My personal minimum for them is more like 54 cal, and in fact I've had even better luck with 58 caliber. And truth be known, I'm experimenting right now with a 62 caliber. Now we're talking moose medicine in my book, or as an aquaintance refers to it: Whompability.

    To repeat, I'm not saying that a 50 is a bad choice, but that it relies lots on accurate shot placement and a balance between expansion and penetration to achieve the effectiveness of a ball or bullet that is a lot larger to begin with, and truly doesn't need to expand at all to do a good job.

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    BrownBear,
    Have not used them, but here are two links that show pictures of what I am talking about, test data, and info from the company website.
    I have ordered some to use this fall during our deer season.

    sites: http://www.thorbullets.com/
    http://www.go2gbo.com/forums/index.php/topic,181799.0.html

  7. #7

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    Thanks for that. I'm betting it's a whale of a bullet for deer, but I think I'll pass for moose. At only 300 grains, I don't have any confidence that much expansion will allow "moose size" penetration. Someone somewhere will pop a moose with one, so we could learn differently. For comparison, the 58 cal maxi weighs 560 grains and uses up a whole lot of moose before it stops penetrating. I haven't found a 62 caliber conical, but the plain roundball weighs in at 340 grains. I'm figuring that a conical will easily top 600 grains.

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    I have taken 4 moose with a 54cal flintlock using 90grs ffg and a 230gr .530dia patched roundball. The longest shot was 80yds, all four moose went down when hit or very shortly after. Penetration of one rb was from the front all the way to the left buttock and was located against the skin flattened to about quarter size. The other 3 moose were shot from 15 to 60 yards and the rb passed thru the lung/heart area and was not recovered.

    You don't really need heavy slugs to take a moose, just good shot placement.

  9. #9

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    Quote Originally Posted by floatplanepilot View Post
    You don't really need heavy slugs to take a moose, just good shot placement.
    Bingo! Moose die easy, though I've been in situations where they took a little too long to realize it, and I had to "earn" my moose in retrieving it. Come to think of it though, those were all with modern rifles.

    I'm suffering from a case of bigbore-itis these days, and that's the only explanation for the big holes I'm playing with. There's no need for them for moose, but I can't shake the fascination. Along with the big bore disease comes a comparison of RBs and conicals, though I hunt with round balls almost exclusively. But I'm drawing the line at my Bess, which throws a .735 round ball weighing 598 grains. Ain't no way I'd shoot a conical weighing roughly twice that from such a light gun.... Of course it's a smoothie and wouldn't shoot them anyway.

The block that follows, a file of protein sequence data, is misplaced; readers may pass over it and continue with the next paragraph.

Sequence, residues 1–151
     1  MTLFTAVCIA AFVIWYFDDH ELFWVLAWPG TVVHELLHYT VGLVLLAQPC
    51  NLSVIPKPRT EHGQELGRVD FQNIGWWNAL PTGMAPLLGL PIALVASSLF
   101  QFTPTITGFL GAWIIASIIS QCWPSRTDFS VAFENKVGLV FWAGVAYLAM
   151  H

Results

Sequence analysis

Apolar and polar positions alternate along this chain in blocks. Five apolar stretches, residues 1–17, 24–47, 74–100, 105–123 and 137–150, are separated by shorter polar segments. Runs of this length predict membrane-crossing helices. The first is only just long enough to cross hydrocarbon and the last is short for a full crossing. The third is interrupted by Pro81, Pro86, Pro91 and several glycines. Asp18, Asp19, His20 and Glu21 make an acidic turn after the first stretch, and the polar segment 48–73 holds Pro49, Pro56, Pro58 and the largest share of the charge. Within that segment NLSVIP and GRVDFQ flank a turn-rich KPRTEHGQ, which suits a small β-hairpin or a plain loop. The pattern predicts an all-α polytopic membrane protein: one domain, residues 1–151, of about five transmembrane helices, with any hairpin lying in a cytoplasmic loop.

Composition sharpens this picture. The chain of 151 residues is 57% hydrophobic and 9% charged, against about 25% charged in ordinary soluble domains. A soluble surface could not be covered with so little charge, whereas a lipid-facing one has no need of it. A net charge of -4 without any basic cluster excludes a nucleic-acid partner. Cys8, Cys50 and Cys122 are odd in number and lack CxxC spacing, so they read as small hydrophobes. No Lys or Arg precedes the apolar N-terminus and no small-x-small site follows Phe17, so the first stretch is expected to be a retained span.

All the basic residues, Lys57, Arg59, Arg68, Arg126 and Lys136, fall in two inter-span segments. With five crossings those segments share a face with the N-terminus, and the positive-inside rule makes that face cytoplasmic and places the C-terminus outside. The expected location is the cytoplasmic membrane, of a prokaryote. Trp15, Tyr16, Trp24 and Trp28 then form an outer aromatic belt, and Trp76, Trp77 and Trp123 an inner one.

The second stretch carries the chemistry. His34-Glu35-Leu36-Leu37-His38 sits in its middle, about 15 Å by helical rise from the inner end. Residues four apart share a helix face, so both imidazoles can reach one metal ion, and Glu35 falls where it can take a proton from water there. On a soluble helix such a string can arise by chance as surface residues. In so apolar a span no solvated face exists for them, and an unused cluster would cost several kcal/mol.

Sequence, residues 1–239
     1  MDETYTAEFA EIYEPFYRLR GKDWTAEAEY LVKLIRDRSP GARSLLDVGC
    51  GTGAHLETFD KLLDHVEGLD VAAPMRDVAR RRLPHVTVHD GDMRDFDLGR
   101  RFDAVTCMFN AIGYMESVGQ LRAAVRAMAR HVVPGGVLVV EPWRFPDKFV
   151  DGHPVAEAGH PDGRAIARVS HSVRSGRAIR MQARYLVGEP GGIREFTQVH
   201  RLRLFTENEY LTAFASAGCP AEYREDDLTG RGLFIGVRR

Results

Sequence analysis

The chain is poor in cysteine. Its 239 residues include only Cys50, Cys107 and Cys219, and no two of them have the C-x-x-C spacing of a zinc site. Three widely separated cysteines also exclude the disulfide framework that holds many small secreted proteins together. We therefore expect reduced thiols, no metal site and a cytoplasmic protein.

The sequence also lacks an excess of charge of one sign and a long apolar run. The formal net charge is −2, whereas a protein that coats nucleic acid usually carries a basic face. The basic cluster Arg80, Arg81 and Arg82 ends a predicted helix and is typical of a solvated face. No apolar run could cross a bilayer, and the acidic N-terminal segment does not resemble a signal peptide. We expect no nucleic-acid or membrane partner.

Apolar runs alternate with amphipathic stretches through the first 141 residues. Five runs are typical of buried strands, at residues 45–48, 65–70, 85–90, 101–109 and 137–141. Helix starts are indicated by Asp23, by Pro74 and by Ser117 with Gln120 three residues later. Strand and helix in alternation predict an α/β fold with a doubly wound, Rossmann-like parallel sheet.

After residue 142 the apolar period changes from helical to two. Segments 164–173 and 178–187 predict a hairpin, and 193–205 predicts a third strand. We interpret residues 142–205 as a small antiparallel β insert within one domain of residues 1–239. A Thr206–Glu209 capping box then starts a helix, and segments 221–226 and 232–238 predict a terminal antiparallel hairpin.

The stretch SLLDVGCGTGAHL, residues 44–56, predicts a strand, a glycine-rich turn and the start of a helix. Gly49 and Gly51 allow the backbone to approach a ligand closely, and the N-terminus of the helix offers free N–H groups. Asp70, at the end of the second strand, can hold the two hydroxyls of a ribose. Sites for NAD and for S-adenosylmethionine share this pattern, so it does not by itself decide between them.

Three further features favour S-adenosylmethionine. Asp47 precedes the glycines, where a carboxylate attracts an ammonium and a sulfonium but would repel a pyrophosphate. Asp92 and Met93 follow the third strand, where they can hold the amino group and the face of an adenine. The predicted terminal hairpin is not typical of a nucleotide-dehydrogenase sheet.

My concern with that Thor bullet is the terrific expansion, looking like something on the order of a full caliber in the pic. That would give you a 1-inch "ball" weighing only 300 grains, which would really cut penetration, I think. I'd pick a .490 ball cast of wheelweights to limit expansion over a 50 cal conical that expanded too much I think.

  10. #10
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    Quote Originally Posted by Alaskan100 View Post
    I drew the cow tag this year myself. I have been working up a load for my Encore its a 300 grain Hornady XP which is a jacketed hollow point. and 100 grains loose powder. Barnes are more copper (lead free)and open easier than a jacketed hollow point. But the most important thing is good shot placement. I am very confident in my load for moose. I just hope its not -25 below this november.

    Alaskan100
    If your successful on your cow hunt, post some pics and let us know your thoughts on how that jacketed hollow point performs on moose. I'd be curious on penetration myself.

  11. #11

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    Yeah. On a good broadside lung shot it's likely to be an instant killer, which would be a plus in watery spots. Mash the lungs like potatoes. Take pics if possible, but be sure to report back in any case.

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    Well I guess all that worrying was for naught. The 250gr barnes MZ will definately kill a moose. I took a big cow this morning. Hit right at the point of the shoulder exited out far side, found one petal in the shoulder joint. The cow did a 15 yard pigeon waddle and dropped.


  13. #13

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    Outstanding! That's really good to know, and I appreciate the feedback. How long was the shot?